Don’t Skirt the Issue – Careers, Children – Can We Have it All?



Thoughts on Time Management

By Paula Dezzutti

According to Pew Research, in 46 percent of U.S. households with a mother and a father, both parents are employed full-time. Yet 77 percent of adults in the U.S. say women face a lot of pressure to be an involved parent, while only 56 percent say the same about men.

Recently, I read an article by Lara Bazelon, a New York Times columnist who is an attorney as well as a professor at the University of San Francisco School of Law. In her writing, she addressed how she has “often picked her job over her children and various milestones in their lives,” and while her children give her life “profound meaning,” her job does, too.

She explained: “My choice is more than a financial imperative. I prioritize my work because I’m ambitious, and because I believe it’s important. If I didn’t write and teach and litigate, a part of me would feel empty.”

I happen to know that Ms. Bazelon fights hard against racism and is most recently the author of “Rectify: The Power of Restorative Justice After Wrongful Conviction.” Yes, there is a lot at stake in the world for those of us who are called to a community purpose. If we were men, we would be called heroes.

As a speaker and coach on entrepreneurship I am often asked to speak about time management and creating a work-home balance. It’s a quest that has been the theme for countless bestselling books, podcasts and strategy sessions, and niche career fields ranging from closet organizers to personal shoppers. Everyone seems to be chasing the wrong idea, as far as I am concerned. We hear statements that run the gamut between “never enough time” to “time is an illusion” to “all we have is time.” And yet we are no closer to the truth. The Mayan calendar came to an end in 2012, depicting that there would be an end in time—proof that so much is subjective.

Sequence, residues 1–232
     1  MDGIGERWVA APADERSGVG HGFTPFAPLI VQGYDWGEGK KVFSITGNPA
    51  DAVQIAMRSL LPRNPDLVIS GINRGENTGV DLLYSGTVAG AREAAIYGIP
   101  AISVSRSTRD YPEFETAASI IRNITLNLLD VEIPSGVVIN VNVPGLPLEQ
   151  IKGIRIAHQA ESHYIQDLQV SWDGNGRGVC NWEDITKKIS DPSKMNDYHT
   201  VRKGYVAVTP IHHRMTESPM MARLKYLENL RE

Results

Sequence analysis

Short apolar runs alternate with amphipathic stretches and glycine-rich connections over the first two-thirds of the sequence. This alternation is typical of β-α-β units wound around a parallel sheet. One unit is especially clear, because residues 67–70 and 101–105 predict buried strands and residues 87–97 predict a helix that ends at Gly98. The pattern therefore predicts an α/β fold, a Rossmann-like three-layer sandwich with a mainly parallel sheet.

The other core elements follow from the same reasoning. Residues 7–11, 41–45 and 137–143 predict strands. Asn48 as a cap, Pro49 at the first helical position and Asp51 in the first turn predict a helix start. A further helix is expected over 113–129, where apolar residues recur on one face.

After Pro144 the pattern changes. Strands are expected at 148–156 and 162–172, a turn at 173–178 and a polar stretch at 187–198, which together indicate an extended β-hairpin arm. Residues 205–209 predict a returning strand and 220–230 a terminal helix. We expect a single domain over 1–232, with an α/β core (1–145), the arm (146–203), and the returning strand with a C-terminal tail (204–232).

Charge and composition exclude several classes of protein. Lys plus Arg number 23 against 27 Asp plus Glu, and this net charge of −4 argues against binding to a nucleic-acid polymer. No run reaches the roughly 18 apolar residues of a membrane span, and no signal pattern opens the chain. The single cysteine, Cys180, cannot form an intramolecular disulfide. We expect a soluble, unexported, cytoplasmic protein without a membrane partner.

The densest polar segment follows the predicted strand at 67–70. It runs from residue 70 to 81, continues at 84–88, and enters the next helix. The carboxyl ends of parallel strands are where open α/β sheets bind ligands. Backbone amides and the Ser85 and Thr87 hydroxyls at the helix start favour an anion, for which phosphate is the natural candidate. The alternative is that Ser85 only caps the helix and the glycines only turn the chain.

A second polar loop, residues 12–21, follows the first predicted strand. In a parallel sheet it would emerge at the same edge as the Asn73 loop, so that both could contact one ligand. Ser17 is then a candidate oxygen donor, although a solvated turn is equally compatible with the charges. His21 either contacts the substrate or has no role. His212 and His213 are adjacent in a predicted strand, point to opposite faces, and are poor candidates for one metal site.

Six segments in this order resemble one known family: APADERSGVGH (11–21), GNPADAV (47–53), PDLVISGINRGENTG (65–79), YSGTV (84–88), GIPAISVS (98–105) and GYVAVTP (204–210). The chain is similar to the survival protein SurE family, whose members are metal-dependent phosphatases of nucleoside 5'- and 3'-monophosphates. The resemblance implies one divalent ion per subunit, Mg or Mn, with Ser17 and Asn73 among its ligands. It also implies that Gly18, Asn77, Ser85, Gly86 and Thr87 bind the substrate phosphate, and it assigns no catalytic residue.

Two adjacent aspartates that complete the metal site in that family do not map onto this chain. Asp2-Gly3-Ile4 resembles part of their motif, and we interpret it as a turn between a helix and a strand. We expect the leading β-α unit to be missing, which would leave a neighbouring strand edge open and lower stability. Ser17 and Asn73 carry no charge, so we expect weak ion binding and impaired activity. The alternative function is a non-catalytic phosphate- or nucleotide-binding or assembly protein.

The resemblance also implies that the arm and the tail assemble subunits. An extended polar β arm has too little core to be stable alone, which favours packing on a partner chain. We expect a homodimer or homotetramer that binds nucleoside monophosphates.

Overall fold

I love speaking on this topic and hopefully offering women a new viewpoint that time management is not about the management of time. Rather, it’s about the management of your emotions along any given experience of time. Every working mother presupposes that a “work-life balance” is achievable. But this concept as a measurement of time traps women in an endless cycle of shame, justification and self-recrimination.

What if you were to shift your viewpoint and instead measure the alignment of your positive emotions against the path of your goals? Then, no matter what the current task is at any moment, you can feel pride in what you have accomplished and in supporting your community, yourself and your children—the very children who grow up to be parents themselves, love their own kids and give their own life profound meaning. Now, who is the hero and the master of time?

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Paula Dezzutti, CEO/Owner


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